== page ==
It is also referred to as otitis media. This is an infection that affects the middle part of the ear. It is behind the eardrum which is an air-filled space. Contains tiny vibrating bones for the ear. Affects children more than adults. In an ear infection, the eustachian tubes may become swollen and blocked. This may in turn lead to mucus buildup in the middle ear. Infection of the mucus leads to an ear infection.
Causes of ear infections
An ear infection is a result of a bacterial or viral infection of the middle ear. It can also result from other illnesses such as allergies or colds. They cause congestions plus swelling of the nasal passages, throat, and the eustachian tubes. Infections occur when:
- Eustachian tubes become swollen. Makes them become blocked, leading to fluid build-up in the middle ear. When the fluid is infected it leads to symptoms of ear infection.
- Swelling of adenoids. These are two small pads of tissues high in the back of the nose. They help in one’s immune system activity. Adenoids are located near the opening of the eustachian tubes. On swelling they block the tubes thus leading to middle ear infection. Children are more prone due to the large size of adenoids than adults.
The three common ear infections are;
- Chronic otitis is characterized by media that has effusion. Occurs when fluid remains in the middle part of the ear. May affect hearing.
- Chronic suppurative otitis media. An ear infection does not go away with the normal treatment. Can lead to a hole being in the ear drum.
- Otitis media with effusion. With no bacterial or viral infection, there is swelling and fluid buildup in the middle ear.
Different symptoms of ear infection may indicate several conditions thus important to get an accurate diagnosis and proper treatment. Common symptoms include:
- Trouble sleeping.
- Fever especially in children.
- Loss of appetite.
- Trouble responding to sounds or hearing.
- Children tend to cry more than usual.
- Ear pain when one lies down.
- Drainage of fluid from the ear.
- Children become fussy.
- Loss of balance.
Risk factors for ear infection
- Infant feeding. Bottle-feeding babies when lying down puts the infant at a greater risk of ear infection than babies that are breastfed.
- Age. Children between 6 months to 2 years are more prone to ear infections. This is due to the size and shape of the eustachian tube plus low immunity.
- Poor air quality. Air pollution increases ear infection risks.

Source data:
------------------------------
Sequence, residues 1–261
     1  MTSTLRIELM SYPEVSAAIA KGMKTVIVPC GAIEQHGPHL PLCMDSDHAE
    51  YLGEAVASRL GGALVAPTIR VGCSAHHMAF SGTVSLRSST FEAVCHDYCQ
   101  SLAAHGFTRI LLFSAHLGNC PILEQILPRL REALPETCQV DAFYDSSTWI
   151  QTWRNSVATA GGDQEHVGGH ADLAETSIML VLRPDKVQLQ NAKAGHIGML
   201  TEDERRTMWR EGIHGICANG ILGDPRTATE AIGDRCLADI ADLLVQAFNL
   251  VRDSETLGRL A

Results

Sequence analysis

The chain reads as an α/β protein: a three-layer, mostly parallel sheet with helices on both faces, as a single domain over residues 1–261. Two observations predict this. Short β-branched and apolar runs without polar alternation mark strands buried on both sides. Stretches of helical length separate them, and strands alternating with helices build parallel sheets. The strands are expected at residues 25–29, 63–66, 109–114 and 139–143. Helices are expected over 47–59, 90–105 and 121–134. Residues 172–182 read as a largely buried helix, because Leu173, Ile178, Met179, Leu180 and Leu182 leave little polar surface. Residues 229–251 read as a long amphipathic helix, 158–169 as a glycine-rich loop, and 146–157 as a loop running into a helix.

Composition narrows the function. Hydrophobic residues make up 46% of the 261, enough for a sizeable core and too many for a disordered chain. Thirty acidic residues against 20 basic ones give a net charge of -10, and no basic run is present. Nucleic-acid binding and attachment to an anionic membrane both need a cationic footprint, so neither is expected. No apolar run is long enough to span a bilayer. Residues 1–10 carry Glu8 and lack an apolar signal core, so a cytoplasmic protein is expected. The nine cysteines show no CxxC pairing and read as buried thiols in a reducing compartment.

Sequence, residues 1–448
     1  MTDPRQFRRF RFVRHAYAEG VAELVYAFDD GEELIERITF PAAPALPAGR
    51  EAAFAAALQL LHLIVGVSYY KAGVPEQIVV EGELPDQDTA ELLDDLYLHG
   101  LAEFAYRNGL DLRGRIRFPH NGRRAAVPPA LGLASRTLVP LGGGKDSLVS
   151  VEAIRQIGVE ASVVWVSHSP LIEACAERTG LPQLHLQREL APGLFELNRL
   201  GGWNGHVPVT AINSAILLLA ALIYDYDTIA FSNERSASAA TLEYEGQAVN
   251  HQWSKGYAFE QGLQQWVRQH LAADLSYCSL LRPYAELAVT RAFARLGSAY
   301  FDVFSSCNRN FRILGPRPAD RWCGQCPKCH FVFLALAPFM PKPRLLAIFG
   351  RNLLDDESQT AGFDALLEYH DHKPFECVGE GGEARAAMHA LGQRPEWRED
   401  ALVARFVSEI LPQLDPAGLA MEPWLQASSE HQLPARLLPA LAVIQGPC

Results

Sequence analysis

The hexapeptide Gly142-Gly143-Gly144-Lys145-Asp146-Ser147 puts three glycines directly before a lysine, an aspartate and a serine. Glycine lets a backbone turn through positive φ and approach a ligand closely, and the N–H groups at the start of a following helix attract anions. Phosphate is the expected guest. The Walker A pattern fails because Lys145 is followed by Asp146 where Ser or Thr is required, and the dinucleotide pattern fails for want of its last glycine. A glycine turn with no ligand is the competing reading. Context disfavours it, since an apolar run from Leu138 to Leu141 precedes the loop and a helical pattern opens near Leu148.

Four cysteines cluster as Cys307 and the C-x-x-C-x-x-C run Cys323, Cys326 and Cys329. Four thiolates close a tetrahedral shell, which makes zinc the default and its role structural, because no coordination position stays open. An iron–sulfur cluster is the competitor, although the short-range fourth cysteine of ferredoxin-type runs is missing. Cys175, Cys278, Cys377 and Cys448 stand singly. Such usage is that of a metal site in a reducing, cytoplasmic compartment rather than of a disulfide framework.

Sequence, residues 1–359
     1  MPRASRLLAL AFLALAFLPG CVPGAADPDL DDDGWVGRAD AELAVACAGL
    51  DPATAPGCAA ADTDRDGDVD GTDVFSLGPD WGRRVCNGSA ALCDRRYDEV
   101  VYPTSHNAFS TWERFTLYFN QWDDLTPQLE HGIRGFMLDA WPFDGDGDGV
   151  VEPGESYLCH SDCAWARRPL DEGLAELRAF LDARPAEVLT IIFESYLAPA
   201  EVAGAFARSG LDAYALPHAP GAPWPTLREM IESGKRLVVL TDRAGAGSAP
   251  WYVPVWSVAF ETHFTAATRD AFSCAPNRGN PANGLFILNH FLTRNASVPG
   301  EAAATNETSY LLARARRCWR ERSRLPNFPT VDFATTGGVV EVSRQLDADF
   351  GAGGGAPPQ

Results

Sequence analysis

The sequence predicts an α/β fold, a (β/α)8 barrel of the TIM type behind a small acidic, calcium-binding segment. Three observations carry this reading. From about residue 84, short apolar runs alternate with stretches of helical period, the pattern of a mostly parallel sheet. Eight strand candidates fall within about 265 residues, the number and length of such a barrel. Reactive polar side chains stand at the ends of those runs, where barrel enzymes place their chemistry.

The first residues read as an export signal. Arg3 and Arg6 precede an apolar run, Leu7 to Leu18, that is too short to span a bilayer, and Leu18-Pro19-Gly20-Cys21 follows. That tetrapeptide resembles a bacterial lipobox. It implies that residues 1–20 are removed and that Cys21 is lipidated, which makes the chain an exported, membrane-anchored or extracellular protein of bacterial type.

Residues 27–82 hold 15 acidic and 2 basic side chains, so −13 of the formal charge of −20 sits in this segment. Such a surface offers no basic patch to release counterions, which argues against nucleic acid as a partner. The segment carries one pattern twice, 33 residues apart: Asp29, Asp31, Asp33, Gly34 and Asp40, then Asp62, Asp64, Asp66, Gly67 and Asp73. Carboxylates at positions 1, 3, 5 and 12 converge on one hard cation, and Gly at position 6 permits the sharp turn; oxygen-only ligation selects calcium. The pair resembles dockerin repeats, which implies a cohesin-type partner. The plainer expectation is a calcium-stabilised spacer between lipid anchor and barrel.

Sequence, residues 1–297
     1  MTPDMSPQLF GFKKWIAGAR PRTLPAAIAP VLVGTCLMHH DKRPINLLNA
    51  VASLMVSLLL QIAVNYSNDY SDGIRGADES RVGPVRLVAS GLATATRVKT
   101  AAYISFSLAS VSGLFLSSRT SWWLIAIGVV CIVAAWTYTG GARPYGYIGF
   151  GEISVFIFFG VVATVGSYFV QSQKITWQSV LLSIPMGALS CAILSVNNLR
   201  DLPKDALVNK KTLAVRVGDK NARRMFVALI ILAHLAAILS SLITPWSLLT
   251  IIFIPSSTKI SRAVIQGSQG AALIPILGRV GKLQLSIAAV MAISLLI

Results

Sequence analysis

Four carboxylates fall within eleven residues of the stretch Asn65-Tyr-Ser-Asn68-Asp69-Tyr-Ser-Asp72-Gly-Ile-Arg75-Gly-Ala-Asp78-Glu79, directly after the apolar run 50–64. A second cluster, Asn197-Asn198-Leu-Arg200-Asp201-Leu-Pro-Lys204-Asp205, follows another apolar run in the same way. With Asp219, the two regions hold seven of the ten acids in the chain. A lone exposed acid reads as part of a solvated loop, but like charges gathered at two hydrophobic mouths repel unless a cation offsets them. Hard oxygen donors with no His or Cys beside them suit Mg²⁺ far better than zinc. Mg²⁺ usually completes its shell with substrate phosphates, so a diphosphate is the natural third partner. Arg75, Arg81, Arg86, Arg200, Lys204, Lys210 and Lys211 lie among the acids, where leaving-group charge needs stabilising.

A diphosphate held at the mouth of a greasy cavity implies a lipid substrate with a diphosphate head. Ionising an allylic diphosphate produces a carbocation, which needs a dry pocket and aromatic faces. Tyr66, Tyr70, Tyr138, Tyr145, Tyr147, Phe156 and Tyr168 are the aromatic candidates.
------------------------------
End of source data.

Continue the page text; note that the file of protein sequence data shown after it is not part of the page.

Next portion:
- Group childcare settings are more prone to the spread of infections e.g. flu than stay-at-home.
- Cleft palate. Makes it difficult to drain the eustachian tube in children who have different bone and muscle structures.
- Seasonal factors. People with seasonal allergies have a higher risk of developing ear infections. More common when the pollen count is high.
Complications of ear infection
Recurrent ear infections can lead to serious complications. Include:
- Impaired hearing which gets better after infection clears. Permanent hearing loss occurs when there is permanent damage to the eardrum or structures of the middle ear.
- Spread of infection to nearby tissues especially those that do not respond to treatment.
- Tearing of the eardrum. Some tears may need surgery if it does not heal itself within 72 hours.
- Developmental / speech delays in children.
- Breastfeeding children for the first 6 months. Breast milk contains antibiotics that help to fight infections.
- Children should be vaccinated regularly.
- No smoking in public areas especially where children are present.
- Children should be held in an upright position when being bottle-fed.
- Treatment of infections plus preventing the infections.
- Physical examination by use of an otoscope to look at the ear, throat, and nasal passage. A pneumatic otoscope is used to check for fluid built up behind the eardrum.
- Acoustic reflectometry measures the amount of sound reflected back from the eardrum. Normally eardrum absorbs sounds but in cases where there is pressure from fluid in the middle ear. More of the sound is reflected in the eardrum.
- Tympanocentesis – fluid from the middle ear is drained by piercing the eardrum by use of a tiny tube. Fluid is then tested for the presence of bacteria or viruses.
- Wait and see approach.
- Use of pain medications e.g. ibuprofen to give relief to the symptoms.
- Use of antibiotics.
- Use of ear tubes to drain fluid from the middle ear.